Why Exposure to Specialties Should Begin Early in Medical School

Yusuf Mehkri, BS


February 24, 2022

One thing I've noticed as I make my way through the preclinical curriculum is how little a large group of preclinical medical students know about certain specialties. For example, many of my classmates know little about interventional radiology or vascular surgery. Sure, they may have a general idea based on the name but may not be able to explain the typical patient someone in these specialties would see. Students aren't too worried about this because they're told that they'll get exposure to various specialties during their third year.

However, this causes two main issues. For one, students at almost all schools don't get exposure to all specialties during their clinical years. During your surgery rotation, you'll most likely spend your time with only one or two services. You'll also lack exposure to other specialties such as pathology, infectious disease, and various medical subspecialties. This essentially means that you can't rely on your clinical year for all of your exposure.

The second issue is that if you do rely on your third- and fourth-year exposure to see what's out there before deciding on a specialty, you're cutting it really close to residency application time. This can cause issues if you decide on a competitive specialty that typically matches students with extensive evidence of research and connections in the field. For example, I know of a number of students who decided on cardiothoracic surgery or neurosurgery midway through their third year, only to scramble to make connections and get relevant research experience before applying. This can largely be prevented with early exposure.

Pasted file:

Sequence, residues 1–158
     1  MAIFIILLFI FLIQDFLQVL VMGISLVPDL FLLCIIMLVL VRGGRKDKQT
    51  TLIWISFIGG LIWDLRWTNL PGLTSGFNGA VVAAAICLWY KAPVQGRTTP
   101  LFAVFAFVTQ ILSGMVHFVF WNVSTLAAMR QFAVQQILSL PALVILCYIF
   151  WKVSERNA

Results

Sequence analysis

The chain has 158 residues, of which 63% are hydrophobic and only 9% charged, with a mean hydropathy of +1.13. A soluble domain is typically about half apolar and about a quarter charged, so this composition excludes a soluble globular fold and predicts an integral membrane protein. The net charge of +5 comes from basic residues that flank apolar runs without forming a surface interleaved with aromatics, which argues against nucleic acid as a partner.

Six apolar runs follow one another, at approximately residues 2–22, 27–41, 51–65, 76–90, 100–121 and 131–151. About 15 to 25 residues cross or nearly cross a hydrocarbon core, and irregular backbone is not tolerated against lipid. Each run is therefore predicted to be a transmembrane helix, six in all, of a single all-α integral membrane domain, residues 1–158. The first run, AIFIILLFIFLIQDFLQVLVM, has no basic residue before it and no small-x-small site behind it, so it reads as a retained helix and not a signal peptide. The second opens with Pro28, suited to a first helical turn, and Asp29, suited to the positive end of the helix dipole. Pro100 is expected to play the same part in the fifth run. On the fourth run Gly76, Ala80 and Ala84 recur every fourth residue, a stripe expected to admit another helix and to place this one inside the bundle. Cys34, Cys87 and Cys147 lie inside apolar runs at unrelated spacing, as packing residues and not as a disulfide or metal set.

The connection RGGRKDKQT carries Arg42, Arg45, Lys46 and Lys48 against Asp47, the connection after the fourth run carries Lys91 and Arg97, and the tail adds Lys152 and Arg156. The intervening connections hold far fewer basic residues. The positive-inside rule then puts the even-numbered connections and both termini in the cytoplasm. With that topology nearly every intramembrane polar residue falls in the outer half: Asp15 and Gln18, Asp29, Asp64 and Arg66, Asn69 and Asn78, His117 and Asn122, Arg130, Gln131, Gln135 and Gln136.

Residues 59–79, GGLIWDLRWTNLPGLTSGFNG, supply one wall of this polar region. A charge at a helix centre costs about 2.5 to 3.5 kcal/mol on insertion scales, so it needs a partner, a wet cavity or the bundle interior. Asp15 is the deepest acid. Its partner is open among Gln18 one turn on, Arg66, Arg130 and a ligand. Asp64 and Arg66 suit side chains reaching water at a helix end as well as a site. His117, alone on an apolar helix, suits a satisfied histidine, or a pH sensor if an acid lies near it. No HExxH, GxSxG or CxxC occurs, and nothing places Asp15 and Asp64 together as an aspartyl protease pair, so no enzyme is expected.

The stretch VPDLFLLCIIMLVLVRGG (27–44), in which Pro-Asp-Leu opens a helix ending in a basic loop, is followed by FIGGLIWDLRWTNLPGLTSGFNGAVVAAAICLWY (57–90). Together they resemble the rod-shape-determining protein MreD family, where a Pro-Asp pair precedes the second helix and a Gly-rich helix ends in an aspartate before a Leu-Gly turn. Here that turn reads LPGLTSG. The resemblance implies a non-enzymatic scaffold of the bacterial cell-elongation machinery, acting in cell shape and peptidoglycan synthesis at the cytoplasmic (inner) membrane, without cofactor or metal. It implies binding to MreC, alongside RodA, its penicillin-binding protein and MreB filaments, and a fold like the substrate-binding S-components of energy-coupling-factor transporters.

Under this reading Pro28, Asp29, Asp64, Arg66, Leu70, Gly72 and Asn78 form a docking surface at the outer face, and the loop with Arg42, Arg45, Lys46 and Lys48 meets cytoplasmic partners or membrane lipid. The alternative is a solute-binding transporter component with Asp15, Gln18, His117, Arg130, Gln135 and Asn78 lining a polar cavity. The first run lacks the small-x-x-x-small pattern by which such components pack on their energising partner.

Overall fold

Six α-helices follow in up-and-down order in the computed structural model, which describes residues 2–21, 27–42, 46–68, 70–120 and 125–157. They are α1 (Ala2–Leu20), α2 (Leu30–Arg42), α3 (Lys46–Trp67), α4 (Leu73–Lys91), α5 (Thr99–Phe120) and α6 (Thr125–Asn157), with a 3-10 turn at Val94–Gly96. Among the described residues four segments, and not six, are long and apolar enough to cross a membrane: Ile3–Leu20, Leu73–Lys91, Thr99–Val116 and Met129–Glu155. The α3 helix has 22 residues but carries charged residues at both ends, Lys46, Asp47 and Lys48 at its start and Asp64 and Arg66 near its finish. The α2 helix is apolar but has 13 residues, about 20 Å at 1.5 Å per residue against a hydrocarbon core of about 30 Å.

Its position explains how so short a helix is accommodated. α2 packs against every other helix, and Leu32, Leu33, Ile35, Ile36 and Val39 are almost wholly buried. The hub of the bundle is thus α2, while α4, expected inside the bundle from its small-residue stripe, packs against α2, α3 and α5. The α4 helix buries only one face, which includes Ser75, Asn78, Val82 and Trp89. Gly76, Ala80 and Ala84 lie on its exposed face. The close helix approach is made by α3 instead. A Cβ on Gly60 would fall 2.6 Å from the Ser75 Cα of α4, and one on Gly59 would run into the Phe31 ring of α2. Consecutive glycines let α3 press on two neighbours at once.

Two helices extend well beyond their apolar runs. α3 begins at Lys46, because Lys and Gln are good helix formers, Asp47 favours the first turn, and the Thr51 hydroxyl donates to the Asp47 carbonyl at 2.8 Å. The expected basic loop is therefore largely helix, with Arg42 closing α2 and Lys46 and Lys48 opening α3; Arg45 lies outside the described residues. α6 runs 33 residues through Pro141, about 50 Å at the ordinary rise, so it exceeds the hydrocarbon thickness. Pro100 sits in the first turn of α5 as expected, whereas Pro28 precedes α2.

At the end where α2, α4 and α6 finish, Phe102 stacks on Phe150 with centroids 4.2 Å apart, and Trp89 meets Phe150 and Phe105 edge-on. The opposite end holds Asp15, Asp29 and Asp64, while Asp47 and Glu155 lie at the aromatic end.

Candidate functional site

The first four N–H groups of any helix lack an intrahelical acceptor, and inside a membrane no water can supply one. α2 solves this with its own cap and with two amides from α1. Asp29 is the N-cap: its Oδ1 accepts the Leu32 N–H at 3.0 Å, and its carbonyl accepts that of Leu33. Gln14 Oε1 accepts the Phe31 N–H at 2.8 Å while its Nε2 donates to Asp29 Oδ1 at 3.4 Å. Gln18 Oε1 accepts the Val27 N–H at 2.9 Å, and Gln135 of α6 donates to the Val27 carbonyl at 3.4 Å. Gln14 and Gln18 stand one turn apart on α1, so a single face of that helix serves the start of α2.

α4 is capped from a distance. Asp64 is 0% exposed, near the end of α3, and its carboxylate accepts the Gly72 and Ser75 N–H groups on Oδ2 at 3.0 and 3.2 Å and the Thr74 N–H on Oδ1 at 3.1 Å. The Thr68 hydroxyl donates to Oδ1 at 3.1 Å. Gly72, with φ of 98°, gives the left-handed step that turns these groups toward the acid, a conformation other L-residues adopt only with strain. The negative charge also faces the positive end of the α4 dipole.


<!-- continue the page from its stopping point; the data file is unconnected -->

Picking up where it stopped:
One program that my medical school has started to target this issue is a specialty series. Essentially, they'll invite alumni on a regular basis to come in and talk to the students about their background and what they do. This has been incredibly helpful because it's an informal way for students to learn about various specialties and to decide if they can see themselves filling those shoes in the future. The school also has a similar opportunity for our early-acceptance program for students to see where alumni have gone, including academia, private practice, and nontraditional careers in the industry.

All medical students would benefit from similar programs early on at their schools. Not only is it a great way to get an in-depth look at what's out there but it's also a great way to gain a deeper appreciation for medicine and to see how preclinical content ties into clinical management early on.

Join Medscape's new blog initiative! We're looking for physicians, nurses, PAs, specialists, and other healthcare professionals who are willing to share their expertise in one to two paid blog posts per month. Please email for more information.

Follow Medscape on Facebook, Twitter, Instagram, and YouTube

About Yusuf Mehkri
Yusuf Mehkri is a second-year medical student at the University of Florida (UF). After attending Carnegie Mellon University for undergraduate studies, he was accepted to the accelerated BS/MD program at UF in Gainesville. He has interests in academic neurosurgery, specifically neuro-oncology and spine surgery. He enjoys research, mentorship and community service — all of which allow him to give back to his community in varying capacities.


Comments on Medscape are moderated and should be professional in tone and on topic. You must declare any conflicts of interest related to your comments and responses. Please see our Commenting Guide for further information. We reserve the right to remove posts at our sole discretion.